When I first heard about a potential true spirit-sequel to Steven Spielberg’s 1975 mystery masterpiece ‘Jaws’, it was hard not be intrigued. Shark-fair has been so incredulously overdone in the past decade from ‘Jurassic Shark’ to ‘Snow Shark’ to ‘Ghost Shark’ to ‘Sharknado’ and everything in between (honestly, all those are real films). There hasn’t been a whole lot of effort put into respectfully pimping out arguably the greatest stock movie character of all time hailing from superorder Selachimorpha. However, ‘The Shallows’ might just have changed that. Upon leaving director Jaume Collet-Serra’s latest disaster-piece – starring the lovely Blake Lively – an inner debate permeated my mind. While a legitimately entertaining way to spend an hour and a half, was it actually any good?

On the one hand, there are three good things we know to be true. First, Blake Lively is a total babia majora. Lively steals the one-woman show with an edgy look of panic and sophistication; she genuinely makes being terrorised by a vicious great white look cool. In an effort for strong, independent women-who-don’t-need-no-man everywhere, Lively fights as fiercely as her character Nancy lives – with no fear, only grit. Second, sharks make for fantastic villains. Sharks have no regard for human rules, disregard all common decencies, and never, ever make the cliché master plan speech that eventually runs a second too long, allowing our heralded protagonist to escape and foil them. Sharks get to the point; there’s no easy way out when it’s mano-y-sharko. Third, a bottle-technique (one location throughout) thriller set on the water with no reasonable way to escape is high drama. There’s nowhere for Nancy to go while she’s stuck on the rock in the middle of the sea waiting for high tide to force her hand. She’s literally stuck between a rock and a hard (toothy) place. Good luck breast stroking it 200 yards to shore, with Jaws 2.0 on your tail. ‘The Shallows’ has all three going for it.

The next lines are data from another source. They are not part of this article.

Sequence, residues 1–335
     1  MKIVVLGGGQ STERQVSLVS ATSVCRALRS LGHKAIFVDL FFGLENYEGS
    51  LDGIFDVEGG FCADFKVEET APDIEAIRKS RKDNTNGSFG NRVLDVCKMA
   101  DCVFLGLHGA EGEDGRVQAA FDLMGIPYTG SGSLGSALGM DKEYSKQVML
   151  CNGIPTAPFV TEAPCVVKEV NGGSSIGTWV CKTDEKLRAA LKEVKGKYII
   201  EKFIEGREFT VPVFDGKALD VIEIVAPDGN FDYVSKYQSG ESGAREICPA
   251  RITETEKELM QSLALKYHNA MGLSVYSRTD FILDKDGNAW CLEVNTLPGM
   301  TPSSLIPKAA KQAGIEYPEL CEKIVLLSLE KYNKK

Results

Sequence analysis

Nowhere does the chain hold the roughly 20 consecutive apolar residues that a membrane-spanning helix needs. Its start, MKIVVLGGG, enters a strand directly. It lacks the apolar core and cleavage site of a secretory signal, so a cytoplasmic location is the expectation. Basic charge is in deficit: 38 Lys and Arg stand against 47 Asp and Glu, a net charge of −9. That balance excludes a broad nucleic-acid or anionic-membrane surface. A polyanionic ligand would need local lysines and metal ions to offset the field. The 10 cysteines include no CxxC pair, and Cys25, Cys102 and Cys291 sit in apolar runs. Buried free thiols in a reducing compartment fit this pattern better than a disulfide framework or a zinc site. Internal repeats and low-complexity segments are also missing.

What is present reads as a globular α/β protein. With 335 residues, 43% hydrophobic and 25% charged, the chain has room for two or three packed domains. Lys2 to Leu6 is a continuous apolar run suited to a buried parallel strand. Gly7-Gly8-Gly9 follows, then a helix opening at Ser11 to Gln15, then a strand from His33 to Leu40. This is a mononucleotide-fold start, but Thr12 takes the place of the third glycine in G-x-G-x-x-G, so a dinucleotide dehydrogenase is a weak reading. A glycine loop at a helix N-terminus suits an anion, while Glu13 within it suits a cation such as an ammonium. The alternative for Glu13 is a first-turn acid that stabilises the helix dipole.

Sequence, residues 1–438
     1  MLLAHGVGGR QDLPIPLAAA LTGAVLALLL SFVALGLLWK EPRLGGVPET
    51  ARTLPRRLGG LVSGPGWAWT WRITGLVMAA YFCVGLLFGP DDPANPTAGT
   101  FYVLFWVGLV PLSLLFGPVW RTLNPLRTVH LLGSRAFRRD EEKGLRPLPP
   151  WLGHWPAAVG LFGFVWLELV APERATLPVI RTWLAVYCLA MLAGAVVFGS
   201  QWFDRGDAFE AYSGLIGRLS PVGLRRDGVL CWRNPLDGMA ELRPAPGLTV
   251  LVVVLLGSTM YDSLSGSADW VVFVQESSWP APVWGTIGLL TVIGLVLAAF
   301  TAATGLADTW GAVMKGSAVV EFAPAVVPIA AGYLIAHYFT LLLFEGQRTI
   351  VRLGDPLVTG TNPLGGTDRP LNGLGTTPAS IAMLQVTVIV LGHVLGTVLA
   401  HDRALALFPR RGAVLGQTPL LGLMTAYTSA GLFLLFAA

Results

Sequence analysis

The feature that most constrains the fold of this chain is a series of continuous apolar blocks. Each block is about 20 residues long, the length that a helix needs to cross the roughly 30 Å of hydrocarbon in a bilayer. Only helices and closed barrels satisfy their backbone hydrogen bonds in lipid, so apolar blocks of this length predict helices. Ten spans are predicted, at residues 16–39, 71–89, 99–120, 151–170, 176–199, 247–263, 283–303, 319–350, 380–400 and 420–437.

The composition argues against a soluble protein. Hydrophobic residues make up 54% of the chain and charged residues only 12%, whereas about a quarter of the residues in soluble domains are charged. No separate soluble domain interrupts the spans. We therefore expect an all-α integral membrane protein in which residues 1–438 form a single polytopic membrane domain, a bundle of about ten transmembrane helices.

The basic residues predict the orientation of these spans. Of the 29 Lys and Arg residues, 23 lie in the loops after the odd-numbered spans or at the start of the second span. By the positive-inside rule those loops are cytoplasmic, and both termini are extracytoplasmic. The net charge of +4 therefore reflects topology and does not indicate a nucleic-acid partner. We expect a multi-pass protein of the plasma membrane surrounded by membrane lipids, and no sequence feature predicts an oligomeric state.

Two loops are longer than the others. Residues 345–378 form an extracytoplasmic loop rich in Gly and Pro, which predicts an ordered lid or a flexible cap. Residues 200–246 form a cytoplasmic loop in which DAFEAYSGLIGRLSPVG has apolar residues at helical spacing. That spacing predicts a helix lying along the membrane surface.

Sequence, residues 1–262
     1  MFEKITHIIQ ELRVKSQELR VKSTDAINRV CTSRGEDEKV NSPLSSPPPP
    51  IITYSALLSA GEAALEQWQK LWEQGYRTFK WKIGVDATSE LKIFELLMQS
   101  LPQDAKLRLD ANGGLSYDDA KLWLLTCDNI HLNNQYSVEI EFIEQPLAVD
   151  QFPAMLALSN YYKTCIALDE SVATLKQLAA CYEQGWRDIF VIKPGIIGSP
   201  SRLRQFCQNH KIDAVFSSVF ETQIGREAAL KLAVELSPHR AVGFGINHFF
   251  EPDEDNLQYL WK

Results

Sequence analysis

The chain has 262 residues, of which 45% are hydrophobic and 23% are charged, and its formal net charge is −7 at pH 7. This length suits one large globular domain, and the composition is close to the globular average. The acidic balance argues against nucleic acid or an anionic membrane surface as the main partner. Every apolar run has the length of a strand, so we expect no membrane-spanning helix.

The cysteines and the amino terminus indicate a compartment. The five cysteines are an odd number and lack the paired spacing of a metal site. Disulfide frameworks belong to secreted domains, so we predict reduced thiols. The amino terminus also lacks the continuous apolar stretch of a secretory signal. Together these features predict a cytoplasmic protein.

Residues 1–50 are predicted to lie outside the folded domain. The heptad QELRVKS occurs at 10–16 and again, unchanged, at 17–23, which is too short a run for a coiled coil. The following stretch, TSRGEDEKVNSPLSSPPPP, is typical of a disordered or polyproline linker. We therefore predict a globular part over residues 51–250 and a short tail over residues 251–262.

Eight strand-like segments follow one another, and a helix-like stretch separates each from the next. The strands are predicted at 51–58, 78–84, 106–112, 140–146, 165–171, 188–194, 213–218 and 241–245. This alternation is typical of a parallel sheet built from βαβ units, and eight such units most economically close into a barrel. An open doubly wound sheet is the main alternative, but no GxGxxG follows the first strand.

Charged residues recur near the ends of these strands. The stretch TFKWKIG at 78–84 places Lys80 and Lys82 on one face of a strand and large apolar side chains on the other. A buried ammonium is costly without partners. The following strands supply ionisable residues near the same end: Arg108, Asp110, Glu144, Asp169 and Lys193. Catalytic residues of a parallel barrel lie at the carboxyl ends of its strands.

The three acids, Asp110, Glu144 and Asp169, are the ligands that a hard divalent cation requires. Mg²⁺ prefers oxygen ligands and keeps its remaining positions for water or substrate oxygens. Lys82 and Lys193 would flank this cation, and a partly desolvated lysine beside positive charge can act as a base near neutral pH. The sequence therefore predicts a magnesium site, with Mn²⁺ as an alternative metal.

On the other hand, ‘The Shallows’ is historically tacky with its limited dialogue. Outside of the tubular “surf’s up” nod to her fellow surfers, Lively’s inner/outer monologue whiffs harder than Lionel Messi in a penalty shootout (apologies to non-football fans with that one). In accordance, Collet-Serra’s insistence on importing formula backstory into an otherwise hip get-up, is a real bummer. Why does Nancy’s backstory matter? Her mom didn’t have to die of cancer and her dad’s displeasure at Nancy ditching medical school didn’t have to push her further away, to where she ended up on a remote Mexican beach looking for gnarly waves. That could’ve happened much more organically with the line, “Hey I’m Nancy. I’m in Mexico because I like to affordably vacation and I love riding gnarly surf”. Nancy didn’t need such a stressful past to be an adventure seeker. It’s often better to leave the bygone narrative buildup out of it and let the viewer interpret a character’s motivations, as recently seen in 2016 hit ‘Green Room’.

‘The Shallows’ is not without its revolutionary film techniques though. Where Collet-Serra lets us down with average storytelling, he makes up for with high quality tech-integration in transposing Nancy’s mobile phone into a character. This could be the future of film, people. Yes, we’ve all seen the text bubble conversations in various movies, but in 2016 our phones are more than just quick texts and calls – mobile phones are our lives. They hold our memories, our responsibilities, and almost all the data any decent law enforcement would need to incriminate us at a moment’s notice. Just look at the recent concerns over the US government monitoring Snapchat’s filters as facial recognition software. Mobile phones are an extension of ourselves in many facets. Which leads to my point that the way Collet-Serra juxtaposes Nancy’s Instagram, FaceTime, texts, etc. with Nancy herself, creates a new character on the screen. Further, her only ally while stuck on that rock all alone is the buoyant surfing helmet with a GoPro attached to it. We’re living in a world where a GoPro helmet is a bonafide character, with the real power to save the day, if it makes it ashore in time. That’s perhaps a world where ‘The Shallows’ isn’t half bad.